This project on group B Streptococcus (Streptococcus agalactiae) focuses on a class of key surface proteins called alpha-like proteins that are also found on a variety of other Gram-positive pathogens. These proteins, the prototype for which is the alpha C protein, are characterized by the presence of long tandem repeating subunits and are determinants of both virulence and immunity. Recent data show a role for the alpha-like proteins in binding to and invasion of human epithelial cells. Group B streptococci use the alpha C protein to interact with and enter host epithelial cells via host receptors that include glycosaminoglycans and integrins. These interactions may allow bacterial pathogens to invade host tissues. The long-term goal of this project is to understand how group B streptococcal alpha-like proteins function in virulence and immunity. The first specific aim examines mechanisms for regulation of expression of the alpha C protein by transcriptional factors outside its genetic locus, mechanisms we have shown to be involved in evasion of host immunity. Regulators of expression will be detected using DNA-affinity chromatography and through study of a library of transposon mutants. The second specific aim explores, at the molecular level, how the alpha C protein mediates the interaction of streptococci with host epithelial cells via recognition of glycosaminoglycans and integrins. Methods to be used include RNA interference, surface non-covalent affinity mass spectrometry, confocal microscopy and flow cytometry. These studies will lead to advances in the understanding of group B streptococcal pathogenesis and immunity, further the effort to employ these proteins in maternal vaccines for the prevention of group B streptococcal infection, and allow the development of inhibitors of bacterial invasion. Relevance: Group B streptococci are the leading cause of serious, often fatal, bacterial infection, including bloodstream infection, pneumonia, and meningitis in newborn babies. They are also a frequent cause of serious infection in women at childbirth and other adults with underlying illnesses such as cancer or diabetes. This project, which studies key proteins on the bacterial surface, will improve our understanding of how bacteria cause disease and allow the design of vaccines to protect pregnant women and their babies and medicines that will prevent and treat these devastating infections. ? ? ?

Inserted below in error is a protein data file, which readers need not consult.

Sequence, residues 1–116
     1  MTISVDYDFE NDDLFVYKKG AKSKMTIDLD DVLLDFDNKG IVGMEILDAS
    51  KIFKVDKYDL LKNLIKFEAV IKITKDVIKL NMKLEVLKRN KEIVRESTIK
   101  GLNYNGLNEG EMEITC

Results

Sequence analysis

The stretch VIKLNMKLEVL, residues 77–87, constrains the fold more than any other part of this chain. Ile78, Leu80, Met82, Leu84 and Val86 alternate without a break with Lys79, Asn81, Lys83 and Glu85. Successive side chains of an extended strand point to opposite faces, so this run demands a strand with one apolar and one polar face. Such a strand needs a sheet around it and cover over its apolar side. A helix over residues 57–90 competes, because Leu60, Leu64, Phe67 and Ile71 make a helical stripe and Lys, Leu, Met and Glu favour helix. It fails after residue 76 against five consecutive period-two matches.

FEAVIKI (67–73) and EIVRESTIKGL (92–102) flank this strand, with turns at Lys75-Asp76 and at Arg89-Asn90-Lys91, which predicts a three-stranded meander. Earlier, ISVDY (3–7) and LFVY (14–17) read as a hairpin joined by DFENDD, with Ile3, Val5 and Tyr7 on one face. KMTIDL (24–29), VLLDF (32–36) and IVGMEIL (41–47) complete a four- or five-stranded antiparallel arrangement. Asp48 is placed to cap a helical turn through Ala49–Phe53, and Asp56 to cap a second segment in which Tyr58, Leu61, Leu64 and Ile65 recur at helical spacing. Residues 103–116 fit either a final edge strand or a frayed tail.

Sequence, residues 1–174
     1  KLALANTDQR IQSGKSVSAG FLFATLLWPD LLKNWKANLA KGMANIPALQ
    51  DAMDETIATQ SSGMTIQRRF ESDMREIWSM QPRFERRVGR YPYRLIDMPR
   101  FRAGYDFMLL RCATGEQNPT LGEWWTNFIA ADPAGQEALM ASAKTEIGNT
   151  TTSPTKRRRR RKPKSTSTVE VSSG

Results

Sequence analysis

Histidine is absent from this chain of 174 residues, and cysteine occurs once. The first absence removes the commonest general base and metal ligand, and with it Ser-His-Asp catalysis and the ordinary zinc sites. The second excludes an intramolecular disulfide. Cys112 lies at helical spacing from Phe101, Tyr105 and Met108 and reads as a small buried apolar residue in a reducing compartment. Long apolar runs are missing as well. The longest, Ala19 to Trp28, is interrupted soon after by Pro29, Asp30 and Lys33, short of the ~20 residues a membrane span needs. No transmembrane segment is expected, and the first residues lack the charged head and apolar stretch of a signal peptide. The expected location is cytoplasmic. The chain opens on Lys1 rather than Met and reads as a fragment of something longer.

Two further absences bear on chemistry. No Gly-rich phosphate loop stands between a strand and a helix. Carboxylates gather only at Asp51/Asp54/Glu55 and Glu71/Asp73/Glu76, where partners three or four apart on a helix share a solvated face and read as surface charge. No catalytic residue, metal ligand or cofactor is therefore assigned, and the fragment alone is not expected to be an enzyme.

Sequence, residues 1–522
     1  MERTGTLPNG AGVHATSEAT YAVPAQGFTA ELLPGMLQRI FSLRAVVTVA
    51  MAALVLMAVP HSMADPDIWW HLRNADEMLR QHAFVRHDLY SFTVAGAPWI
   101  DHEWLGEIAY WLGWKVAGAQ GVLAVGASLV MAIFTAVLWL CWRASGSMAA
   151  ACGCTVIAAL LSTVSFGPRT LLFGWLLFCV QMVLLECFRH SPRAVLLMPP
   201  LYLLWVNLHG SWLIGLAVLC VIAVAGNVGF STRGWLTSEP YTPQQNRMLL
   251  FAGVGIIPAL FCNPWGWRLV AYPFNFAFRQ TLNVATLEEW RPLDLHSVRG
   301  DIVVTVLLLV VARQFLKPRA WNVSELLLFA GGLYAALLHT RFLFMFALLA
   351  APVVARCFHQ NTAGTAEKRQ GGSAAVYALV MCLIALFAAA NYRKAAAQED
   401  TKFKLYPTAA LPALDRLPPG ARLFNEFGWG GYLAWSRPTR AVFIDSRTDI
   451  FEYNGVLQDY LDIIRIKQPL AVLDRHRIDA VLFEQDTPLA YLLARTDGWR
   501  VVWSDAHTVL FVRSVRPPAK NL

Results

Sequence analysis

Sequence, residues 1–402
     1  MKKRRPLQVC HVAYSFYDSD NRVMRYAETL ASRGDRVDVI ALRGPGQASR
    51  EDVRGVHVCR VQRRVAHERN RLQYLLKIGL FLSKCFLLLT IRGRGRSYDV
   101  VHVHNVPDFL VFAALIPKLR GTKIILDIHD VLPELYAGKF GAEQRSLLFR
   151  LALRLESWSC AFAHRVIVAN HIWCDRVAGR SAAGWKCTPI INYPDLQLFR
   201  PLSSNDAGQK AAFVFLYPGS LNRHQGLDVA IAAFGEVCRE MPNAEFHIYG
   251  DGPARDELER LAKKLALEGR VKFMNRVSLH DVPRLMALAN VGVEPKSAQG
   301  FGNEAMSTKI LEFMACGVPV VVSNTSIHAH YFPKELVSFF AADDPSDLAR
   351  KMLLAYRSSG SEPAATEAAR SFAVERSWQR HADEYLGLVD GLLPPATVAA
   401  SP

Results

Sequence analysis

National Institute of Health (NIH)
National Institute of Allergy and Infectious Diseases (NIAID)
High Priority, Short Term Project Award (R56)
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Bacterial Pathogenesis Study Section (BACP)
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Rubin, Fran A
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Brigham and Women's Hospital
United States
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Baron, Miriam J; Wong, Sandra L; Nybakken, Kent et al. (2009) Host glycosaminoglycan confers susceptibility to bacterial infection in Drosophila melanogaster. Infect Immun 77:860-6